Today Google has released its 4th annual so-called "Android security year in review," a number-heavy report meant to demonstrate the improvements made over the last year when it comes to security. And it's not just ego-stroking, Android made great strides during 2017 on the subject. From the launch of Play Protect to increased distribution of security patches, Android as a platform has never been more secure. 

For the full details, you can read the report in its entirety, but the short version is that most of the enhancements to Android security experienced over 2017 stem from Play Protect, announced in May 2017 at Google I/O. This is in contrast to last year's report for 2016, which mostly focused on the impact of expanded SafetyNet tools, increased security patch distribution, climbing API levels, and platform improvements in Android Nougat 7.0. But for Android security, 2017 is the year of Play Protect.

As a malware detection method it's been a bit hit and miss, but Play Protect does fill a necessary void. It's no longer possible for every app that exists to be individually reviewed and verified at a detailed level—just ask Cody, our APK Teardowns are serious work—but the vast majority of malware out there isn't original, and Play Protect can scan against a known library to catch most of it.

Thanks to Play Protect, Google's detection rate for "Potentially Harmful Apps" (an actual technical classification) is up significantly. If you were unaware, your Play Store-equipped Android phone actually scans installed apps at least once a day to check for PHAs, taking action if any are discovered. And it doesn't just protect you from apps installed via the Play Store, sideloaded apps (which are generally more sketchy) are also scanned. So even if you're nine times more likely to get a Potentially Harmful App installing them from other sources, Google and Play Protect are still working hard to keep you safer.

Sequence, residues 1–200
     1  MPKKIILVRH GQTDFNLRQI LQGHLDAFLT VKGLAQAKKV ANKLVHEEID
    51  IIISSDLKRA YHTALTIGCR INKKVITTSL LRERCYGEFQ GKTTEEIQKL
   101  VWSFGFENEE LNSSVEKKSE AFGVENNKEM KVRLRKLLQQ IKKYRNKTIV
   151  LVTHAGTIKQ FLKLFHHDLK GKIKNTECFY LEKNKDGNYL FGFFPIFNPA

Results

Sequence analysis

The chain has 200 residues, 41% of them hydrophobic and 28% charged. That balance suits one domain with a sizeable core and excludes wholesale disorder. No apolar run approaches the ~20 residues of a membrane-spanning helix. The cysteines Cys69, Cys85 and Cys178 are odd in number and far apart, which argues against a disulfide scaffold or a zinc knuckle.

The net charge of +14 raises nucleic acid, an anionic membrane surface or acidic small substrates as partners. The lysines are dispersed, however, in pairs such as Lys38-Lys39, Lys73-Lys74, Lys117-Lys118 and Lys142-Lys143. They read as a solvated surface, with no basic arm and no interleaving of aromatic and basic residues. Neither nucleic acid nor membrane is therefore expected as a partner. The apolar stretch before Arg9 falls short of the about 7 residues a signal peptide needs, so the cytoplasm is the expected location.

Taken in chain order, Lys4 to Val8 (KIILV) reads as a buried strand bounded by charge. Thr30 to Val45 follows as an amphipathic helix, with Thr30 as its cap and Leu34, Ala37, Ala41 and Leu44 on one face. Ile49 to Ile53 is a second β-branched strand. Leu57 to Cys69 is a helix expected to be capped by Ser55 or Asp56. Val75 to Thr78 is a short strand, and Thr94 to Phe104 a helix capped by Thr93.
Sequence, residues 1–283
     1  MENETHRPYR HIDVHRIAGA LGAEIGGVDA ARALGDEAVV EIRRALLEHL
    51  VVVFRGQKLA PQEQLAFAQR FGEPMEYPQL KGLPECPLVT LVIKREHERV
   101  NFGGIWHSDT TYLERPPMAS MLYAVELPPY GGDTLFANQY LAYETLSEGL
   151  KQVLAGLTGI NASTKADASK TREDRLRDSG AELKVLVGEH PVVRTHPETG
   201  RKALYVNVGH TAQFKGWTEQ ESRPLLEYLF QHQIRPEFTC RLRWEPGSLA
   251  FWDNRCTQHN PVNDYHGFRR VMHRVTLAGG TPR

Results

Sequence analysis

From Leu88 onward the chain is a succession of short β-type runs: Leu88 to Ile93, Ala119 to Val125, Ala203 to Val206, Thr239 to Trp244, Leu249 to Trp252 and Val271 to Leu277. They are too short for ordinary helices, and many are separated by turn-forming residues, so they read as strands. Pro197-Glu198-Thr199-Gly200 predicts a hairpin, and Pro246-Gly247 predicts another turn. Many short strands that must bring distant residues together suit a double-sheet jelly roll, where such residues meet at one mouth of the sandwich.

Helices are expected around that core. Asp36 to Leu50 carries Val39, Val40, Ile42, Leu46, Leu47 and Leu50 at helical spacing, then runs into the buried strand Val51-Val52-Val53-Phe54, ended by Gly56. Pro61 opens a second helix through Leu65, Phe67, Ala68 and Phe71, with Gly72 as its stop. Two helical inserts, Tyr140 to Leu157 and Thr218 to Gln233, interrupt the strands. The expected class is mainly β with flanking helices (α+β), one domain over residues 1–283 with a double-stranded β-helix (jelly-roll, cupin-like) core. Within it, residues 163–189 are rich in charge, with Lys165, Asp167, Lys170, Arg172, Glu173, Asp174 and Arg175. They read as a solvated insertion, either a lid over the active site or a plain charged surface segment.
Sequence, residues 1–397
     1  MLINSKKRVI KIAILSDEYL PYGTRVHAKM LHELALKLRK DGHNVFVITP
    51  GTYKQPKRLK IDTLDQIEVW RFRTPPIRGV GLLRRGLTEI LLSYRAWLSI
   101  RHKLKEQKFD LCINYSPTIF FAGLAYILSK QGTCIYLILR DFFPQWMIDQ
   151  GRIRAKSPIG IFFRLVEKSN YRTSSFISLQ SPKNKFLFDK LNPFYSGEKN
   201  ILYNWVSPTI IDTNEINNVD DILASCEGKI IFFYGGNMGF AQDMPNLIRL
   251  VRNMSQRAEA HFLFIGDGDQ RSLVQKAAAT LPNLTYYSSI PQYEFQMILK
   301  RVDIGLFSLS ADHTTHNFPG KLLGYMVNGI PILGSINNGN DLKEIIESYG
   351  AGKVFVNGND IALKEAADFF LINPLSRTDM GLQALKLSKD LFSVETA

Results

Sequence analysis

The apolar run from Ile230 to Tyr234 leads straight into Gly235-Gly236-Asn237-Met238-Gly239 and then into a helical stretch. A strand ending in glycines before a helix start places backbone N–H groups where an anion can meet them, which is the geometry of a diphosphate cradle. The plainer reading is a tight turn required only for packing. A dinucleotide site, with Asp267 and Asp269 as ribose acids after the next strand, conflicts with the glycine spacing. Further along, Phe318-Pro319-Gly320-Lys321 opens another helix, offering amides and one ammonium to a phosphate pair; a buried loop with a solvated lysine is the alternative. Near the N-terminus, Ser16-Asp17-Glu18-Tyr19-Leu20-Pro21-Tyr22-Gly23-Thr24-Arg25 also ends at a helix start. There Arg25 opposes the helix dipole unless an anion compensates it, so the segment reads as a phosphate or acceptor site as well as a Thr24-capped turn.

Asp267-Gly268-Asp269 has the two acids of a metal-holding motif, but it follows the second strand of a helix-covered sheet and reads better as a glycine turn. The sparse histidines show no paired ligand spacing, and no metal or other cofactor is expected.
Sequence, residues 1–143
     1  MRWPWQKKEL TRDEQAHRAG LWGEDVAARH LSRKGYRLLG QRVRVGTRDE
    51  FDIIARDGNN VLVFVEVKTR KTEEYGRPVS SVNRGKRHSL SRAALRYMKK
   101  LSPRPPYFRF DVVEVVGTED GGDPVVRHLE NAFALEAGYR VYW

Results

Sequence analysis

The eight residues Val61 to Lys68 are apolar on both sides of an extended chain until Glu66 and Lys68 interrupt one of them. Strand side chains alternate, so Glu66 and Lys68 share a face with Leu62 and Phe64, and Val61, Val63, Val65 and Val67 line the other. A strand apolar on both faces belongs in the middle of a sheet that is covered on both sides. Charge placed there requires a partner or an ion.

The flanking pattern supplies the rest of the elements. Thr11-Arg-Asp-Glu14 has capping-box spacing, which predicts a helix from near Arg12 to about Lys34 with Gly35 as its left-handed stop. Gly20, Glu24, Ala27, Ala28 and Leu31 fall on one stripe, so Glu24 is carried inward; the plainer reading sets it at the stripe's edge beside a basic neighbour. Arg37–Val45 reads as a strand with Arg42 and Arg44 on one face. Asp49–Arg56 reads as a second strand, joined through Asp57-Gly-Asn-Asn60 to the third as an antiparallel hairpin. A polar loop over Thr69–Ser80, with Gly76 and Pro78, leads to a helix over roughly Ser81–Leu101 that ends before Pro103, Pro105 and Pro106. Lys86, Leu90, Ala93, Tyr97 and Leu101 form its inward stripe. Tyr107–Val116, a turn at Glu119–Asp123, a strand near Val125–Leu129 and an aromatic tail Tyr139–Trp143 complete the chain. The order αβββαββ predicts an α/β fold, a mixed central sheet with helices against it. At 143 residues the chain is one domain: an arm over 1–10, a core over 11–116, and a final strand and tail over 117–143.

Notable facts and figures from this year's report include:

  • Over 50 billion apps scanned by Play Protect daily.
  • 60% of Potentially Harmful Apps found by Play Protect were detected by machine learning.
  • 39 million PHAs were removed from devices last year.
  • An additional 10 million PHAs were caught before they were even installed since October.
  • Installation rates for Potentially Harmful Apps installed outside of Google Play are down 60%.
  • 30% more devices received security updates last year compared to 2016.
  • No critical vulnerabilities were disclosed without an update or mitigation strategy already available.
  • A total of $1.28 million was paid to researchers in the Android Security Rewards program.

Google is also happy to reiterate its hardware and software performance at the 2017 Mobile Pwn2Own hacking contest. At the event, no exploits were able to compromise Google's Pixel phones, and none of the exploits demonstrated for Android at the event were able to work on pure AOSP—likely meaning that those which were demonstrated only worked on modified Android software (i.e., OEM skins/ROMs).

Of course, Google isn't resting. In the latest Android P developer previews, the company has been rolling out even more features to enhance user security. As good a year as 2017 may have been for Android security improvements, 2018 should probably be even better.